Constant Progress – Keep Moving In The Right Direction

no struggle no progress pic

In the almost 20 years that I’ve been helping clients set and reach goals, I’ve come to the conclusion that to get steady results, it’s essential to increase the amount of total “work” that we accomplish in any given period of time. Although there are endless progressive training methods, this might be the single simplest most effective way to make constant progress.

If your goal is to lose weight, build muscle, increase strength and improve performance, a great way to accomplish this and avoid a plateau is to do more work in almost every workout in the same amount of time — whether it’s one more rep in a set of push-ups, one more pound on your squat or shorter rest between intervals. The idea is to work harder, not longer, every time you train.

Let’s see how this might work.  Say, for example, you want you want to lose 20 pounds in 12 weeks.  About one to two pounds a week is a healthy, reasonable weight loss.  This of course, depends on what your diet and exercise program looks like, and how much weight you need to lose or have lost already.  Allow a realistic time frame to reach your goal.

Diet is the primary factor when it comes to losing weight.  I’ve said this before and I’ll say it again:  no exercise program will compensate for a bad diet.  Sure, there are some programs that’ll have you losing weight much more rapidly than others.  But in fact, if you’re eating a healthy, balanced diet (like our Core Diets Program) and exercising properly, you will likely lose weight (fat) more gradually than if you were on a crash diet and an aerobic exercise program.   But the changes you make with our recommendations will be long-lasting and will change your body and metabolism for the better.

In order to be successful, you need to know your starting point.  So step on a scale, take your measurements, and (my favorite) do a proper body composition test.  Because no one likes to get pinched and measured for a body composition assessment, at Core we use the “BodyMetrix” system.  This system uses ultrasound to accurately measure fat thickness and calculate body fat percentage and weight distribution. This allows us to track fat loss and muscle gain without embarrassing pinching and gives us a very clear picture of how the weight is distributed.

I know most people find this process disturbing but it’s critical to ensure accountability, compliance and to track the effectiveness of the program.  Did you know that muscle actually takes up about 20% less volume than fat?  That means that if you lose five pounds of fat and add five pounds of muscle, you’ll  be physically smaller without any noticeable change in body weight.  This is what you should be striving for from your fitness program.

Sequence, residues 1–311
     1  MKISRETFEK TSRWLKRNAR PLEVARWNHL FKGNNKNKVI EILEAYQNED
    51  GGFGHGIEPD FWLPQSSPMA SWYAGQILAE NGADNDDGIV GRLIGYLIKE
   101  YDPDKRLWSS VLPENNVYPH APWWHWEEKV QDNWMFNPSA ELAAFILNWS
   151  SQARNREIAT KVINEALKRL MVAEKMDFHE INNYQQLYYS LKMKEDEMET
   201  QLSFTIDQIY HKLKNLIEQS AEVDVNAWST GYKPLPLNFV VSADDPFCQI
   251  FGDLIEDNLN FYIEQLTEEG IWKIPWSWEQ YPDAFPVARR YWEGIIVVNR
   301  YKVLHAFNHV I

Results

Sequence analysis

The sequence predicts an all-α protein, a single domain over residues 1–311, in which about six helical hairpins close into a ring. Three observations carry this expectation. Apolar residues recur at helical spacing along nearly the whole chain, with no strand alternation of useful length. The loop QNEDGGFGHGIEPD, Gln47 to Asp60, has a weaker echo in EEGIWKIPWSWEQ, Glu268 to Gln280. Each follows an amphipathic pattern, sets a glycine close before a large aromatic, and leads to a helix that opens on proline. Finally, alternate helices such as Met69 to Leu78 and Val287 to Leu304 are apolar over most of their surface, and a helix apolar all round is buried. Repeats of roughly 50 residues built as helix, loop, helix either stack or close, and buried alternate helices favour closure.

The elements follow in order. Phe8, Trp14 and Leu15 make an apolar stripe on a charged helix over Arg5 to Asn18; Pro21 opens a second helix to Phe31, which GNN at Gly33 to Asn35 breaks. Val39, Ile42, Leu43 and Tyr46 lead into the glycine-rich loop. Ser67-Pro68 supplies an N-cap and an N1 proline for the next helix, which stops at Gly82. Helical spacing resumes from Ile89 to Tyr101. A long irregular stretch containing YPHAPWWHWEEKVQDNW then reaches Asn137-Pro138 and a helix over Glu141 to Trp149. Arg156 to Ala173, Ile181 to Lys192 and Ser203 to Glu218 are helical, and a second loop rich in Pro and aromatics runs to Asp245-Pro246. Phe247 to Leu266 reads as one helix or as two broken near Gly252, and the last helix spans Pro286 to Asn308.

To make these kinds of changes, let’s design a manageable program that will have you in and out of the gym in about an hour, just five days a week.

The program could look something like this: Monday, Wednesday and Friday do 2 full-body strength circuits of 3 sets of 8 reps (of each exercise) with 1-minute recovery. Here’s a very basic progression for this strength workout: : Since the program has you starting at 3 sets of 8 (challenging) reps for each exercise, you could bump up the weight a little or increase the reps by 2 each week.  However, once you hit about 12 reps, I suggest you increase the weight and drop the reps back to 8 again.  That’s it!

Tuesday and Thursday will be designated to interval fat-loss training: Here you could do (after a thorough warm-up) ten intervals of running (or a hard effort on the bike) for one minute of work followed by one minute of recovery.

A simple way of keeping this workout challenging and effective would be to gradually increase the speed or incline of the treadmill or the resistance on the bike for each of the 10 intervals.  These will be small but sustainable increases over-time: Just as long as you’re able to complete all of the designated intervals without increasing the rest period.

Such a program will keep things fresh and challenging without changing up too many variables all the time.  Consistent tracking of your progress will help keep you accountable for your actions and will let you know when something needs to be adjusted.

If you’re eating right for your body and lifestyle, and you’re making steady progress in the gym, I promise, the fat will come off.  And if it’s not, wouldn’t you like to learn how to change that?  I’d love to help.

Strength For Life,

Jim O’Hagan

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